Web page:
How online photos reveal more than you know

8 11 2010

WEB PRIVACY: HOW ONLINE PHOTOS REVEAL MORE THAN YOU KNOW

Robert Vamosi, PC World US

The geotagging data contained in many mobile phone images can let strangers know exactly where you are and what you’ve been up to.

Digital cameras and cameraphones mean you can snap those special moments to your hearts content, preview the shot and erase and re-take if necessary.

The technology gets even better thanks to the help of social networks such as Twitter and Facebook, which let you share those special moments with your friends, family and followers around the world.

However, its worth stopping and thinking about the fact that when you post the picture on a social network, millions of web users across the globe can discover the exact location you were in when you captured the shot.

EXIF data and Geotagging

Exchangeable Image File format (EXIF) specification adds metadata to common JPG and TIFF image files. Along with a thumbnail image of the photo, EXIF data stores details about aperture, shutter speed, focal length, metering mode, and ISO settings, some of which can help a printer do a better job of colour-matching the final printed image. There’s also room for other information, such as the camera’s make, model, and registration number, and in some cases, location data.

Geotagging is the process of storing latitude and longitude data inside an image’s EXIF data. This information maps the image with a photographer’s specific geographic location, which mapping services such as Google Earth can then chart.

Many newer digital cameras and mobile phone cameras have built-in GPS receivers. The geotagging features in these newer devices are integrated and seamless. With the explosion of smartphones today, Jackson is seeing about three percent of all photos posted on Twitter contain location data, and that figure is growing.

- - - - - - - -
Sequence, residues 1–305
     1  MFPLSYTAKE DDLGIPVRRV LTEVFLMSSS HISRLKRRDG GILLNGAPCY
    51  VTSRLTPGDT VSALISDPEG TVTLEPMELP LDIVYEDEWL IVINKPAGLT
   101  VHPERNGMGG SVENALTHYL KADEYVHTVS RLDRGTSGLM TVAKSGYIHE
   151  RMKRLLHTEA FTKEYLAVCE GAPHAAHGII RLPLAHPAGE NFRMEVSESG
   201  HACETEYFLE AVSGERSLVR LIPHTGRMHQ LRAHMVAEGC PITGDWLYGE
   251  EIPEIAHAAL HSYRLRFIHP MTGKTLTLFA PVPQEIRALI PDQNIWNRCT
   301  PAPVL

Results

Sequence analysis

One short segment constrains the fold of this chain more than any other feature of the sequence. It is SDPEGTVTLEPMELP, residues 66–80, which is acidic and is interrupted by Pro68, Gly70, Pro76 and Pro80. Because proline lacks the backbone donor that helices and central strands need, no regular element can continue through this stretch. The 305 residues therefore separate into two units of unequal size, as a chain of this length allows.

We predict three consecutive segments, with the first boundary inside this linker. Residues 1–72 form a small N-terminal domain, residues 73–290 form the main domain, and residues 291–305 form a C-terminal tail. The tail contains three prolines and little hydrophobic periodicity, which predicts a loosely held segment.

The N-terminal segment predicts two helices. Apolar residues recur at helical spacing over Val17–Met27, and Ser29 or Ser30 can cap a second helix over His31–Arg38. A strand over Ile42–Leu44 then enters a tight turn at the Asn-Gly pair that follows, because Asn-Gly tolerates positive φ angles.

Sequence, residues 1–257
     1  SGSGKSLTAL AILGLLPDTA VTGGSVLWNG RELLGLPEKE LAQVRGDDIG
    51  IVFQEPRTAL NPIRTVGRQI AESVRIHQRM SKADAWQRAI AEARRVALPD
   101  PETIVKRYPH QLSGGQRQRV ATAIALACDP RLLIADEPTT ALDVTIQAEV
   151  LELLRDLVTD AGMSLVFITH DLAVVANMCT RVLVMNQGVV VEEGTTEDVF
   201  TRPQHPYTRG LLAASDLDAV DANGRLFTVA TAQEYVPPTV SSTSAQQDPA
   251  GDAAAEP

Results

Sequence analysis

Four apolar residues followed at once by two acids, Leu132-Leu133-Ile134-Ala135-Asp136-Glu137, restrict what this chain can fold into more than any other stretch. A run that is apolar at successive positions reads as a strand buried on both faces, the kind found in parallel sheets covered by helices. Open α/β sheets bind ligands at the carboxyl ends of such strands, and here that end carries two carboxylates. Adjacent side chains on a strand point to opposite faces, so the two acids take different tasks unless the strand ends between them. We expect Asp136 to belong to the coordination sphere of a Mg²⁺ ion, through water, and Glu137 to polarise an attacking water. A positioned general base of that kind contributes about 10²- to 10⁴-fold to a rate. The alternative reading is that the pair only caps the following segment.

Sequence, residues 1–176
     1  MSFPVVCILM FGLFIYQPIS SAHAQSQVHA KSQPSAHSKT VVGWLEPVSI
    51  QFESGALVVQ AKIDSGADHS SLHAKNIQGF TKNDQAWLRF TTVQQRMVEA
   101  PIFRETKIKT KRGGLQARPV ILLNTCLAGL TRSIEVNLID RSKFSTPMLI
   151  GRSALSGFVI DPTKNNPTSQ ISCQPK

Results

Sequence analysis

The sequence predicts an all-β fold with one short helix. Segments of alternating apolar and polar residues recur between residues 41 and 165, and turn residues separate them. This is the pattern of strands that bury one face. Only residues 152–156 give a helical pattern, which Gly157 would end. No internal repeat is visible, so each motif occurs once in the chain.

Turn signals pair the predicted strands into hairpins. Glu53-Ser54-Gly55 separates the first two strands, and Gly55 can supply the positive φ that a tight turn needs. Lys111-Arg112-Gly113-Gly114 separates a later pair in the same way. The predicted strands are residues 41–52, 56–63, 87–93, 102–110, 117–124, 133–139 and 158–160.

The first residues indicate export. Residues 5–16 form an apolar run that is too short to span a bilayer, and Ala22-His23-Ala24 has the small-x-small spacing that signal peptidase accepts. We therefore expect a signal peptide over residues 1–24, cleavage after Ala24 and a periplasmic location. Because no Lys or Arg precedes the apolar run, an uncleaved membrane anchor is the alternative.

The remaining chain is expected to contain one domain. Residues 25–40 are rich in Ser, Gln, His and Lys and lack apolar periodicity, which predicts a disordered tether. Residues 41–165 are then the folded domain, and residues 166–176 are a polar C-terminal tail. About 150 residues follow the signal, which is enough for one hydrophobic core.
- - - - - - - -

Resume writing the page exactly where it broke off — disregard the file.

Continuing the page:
In his New HOPE security conference presentation, Jackson detailed how he found personal details about a man in a photo. Using accompanying geotagging data, Jackson located the man’s house on Google Earth. Then he found a name associated with the house where the photo was taken, leading him to a Facebook account that yielded a birth date, marriage status, and friends. A second username listed on the Facebook page led to a second Twitter account, and so forth. The point here is that once you start pulling on the thread of information contained in a geotagged image, a single photo can reveal a whole trove of personal data.

Some people say they don’t mind sharing their real-time location data with total strangers. But others dislike the idea that strangers can know where they are at any given time. Fortunately, smartphones and cameras let you turn off the photo geotagging feature.

Summarised from :http://www.pcadvisor.co.uk/news/index.cfm?newsid=3239522

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